Cash-strapped Iraq looks for an out with Kuwait. Reuters just this morning: “Iraq is seeking to postpone a final $4.6 billion installment of reparations for its 1990-91 occupation of Kuwait, Finance Minister Hoshiyar Zebari told Reuters, as it faces a cash crisis caused by falling oil prices and war with Islamic State. More here.

Random Tweet early this morning from the U.S. Embassy in Kuwait, which was surely hacked by the Florida Department of Tourism, which would be pretty random, too, right?: ‪@USEmbassyQ8

Cut loose in the #FloridaKeys, Florida’s fun-loving island paradise famous for its #tropical environment and attitude.”

Two bombs in quick succession killed at least 30 people at a market in the central Nigerian city of Jos. BBC with more—including a 13-year-old girl police say they captured wearing a suicide belt in the northern city of Kano—here.

French forces in northern Mali killed a senior commander of the al Mourabitoun Islamist group wanted by the U.S. NBC: “…The United States has offered a $5 million reward for information leading to the arrest of Ahmed al Tilemsi, who took part in the 2011 kidnapping of two French nationals in Niger and of three aid workers in Algeria later that year.” More here.

Congress Saves Yoda’s Office of Net Assessment. From Defense One’s Marcus Weisgerber: “Lawmakers protected the Pentagon’s internal think tank run by 93-year-old Andrew Marshall, (oftentimes referred to as the Pentagon’s Yoda) for more than 40 years – in both the 2015 defense authorization and appropriations bills, overturning a decision by Hagel to move the office under the Pentagon’s policy shop.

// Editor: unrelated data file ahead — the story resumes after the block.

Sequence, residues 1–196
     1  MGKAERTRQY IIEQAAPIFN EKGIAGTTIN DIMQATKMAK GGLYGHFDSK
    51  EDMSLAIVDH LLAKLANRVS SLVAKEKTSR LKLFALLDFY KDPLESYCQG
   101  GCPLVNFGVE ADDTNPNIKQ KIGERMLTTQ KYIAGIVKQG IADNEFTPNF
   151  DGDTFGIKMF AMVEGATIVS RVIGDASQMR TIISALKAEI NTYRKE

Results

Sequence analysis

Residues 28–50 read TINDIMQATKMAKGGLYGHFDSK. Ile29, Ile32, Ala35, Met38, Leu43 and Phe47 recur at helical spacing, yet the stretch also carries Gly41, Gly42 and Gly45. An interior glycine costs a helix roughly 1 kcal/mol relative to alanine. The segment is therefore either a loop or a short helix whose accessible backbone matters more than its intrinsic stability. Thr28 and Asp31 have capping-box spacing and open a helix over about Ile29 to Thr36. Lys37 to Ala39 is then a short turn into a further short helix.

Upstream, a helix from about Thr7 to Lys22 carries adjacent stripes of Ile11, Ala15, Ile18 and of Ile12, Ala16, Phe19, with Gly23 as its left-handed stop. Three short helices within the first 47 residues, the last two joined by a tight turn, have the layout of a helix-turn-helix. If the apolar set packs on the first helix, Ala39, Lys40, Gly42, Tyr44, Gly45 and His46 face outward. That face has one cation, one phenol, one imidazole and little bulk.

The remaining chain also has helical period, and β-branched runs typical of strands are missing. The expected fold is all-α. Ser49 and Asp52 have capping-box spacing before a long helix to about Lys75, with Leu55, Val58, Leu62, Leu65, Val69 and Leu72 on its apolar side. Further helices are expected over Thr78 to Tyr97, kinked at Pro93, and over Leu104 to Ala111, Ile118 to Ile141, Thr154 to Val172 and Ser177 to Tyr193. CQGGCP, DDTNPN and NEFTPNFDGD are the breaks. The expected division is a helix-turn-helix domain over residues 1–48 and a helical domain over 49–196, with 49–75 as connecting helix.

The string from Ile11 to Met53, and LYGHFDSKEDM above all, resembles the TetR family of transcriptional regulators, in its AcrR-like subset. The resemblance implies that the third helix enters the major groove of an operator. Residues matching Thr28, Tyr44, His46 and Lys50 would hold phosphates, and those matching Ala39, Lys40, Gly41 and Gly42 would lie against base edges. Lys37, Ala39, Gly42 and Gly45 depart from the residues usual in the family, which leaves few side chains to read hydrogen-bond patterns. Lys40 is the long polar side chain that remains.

“Since Net Assessment’s creation in 1973, it has reported directly to the defense secretary. In March, it was revealed that Net Assessment oversaw a team that studied Russian President Vladimir Putin’s body language…The legislation also aims to keep the current chain of command in tact: “The head of the office … shall report directly to the Secretary of Defense without intervening authority and may communicate views on matters within the responsibility of the office directly to the Secretary without obtaining the approval or concurrence of any other official within the Department of Defense.”

“The defense spending bill adds $20 million to the Pentagon’s $8.9 million request for the Net Assessment office budget in 2015. The Pentagon’s Andy Marshall to retire, here. How ONA studied Putin’s body language, here.

Victims of the 2009 Fort Hood shooting could soon be eligible for the Purple Heart and medical benefits given to military personnel injured in combat, writes WSJ columnist Dorothy Rabinowitz. The measure—included as an amendment to the FY15 NDAA—passed the House last week and now moves on to the Senate. More here.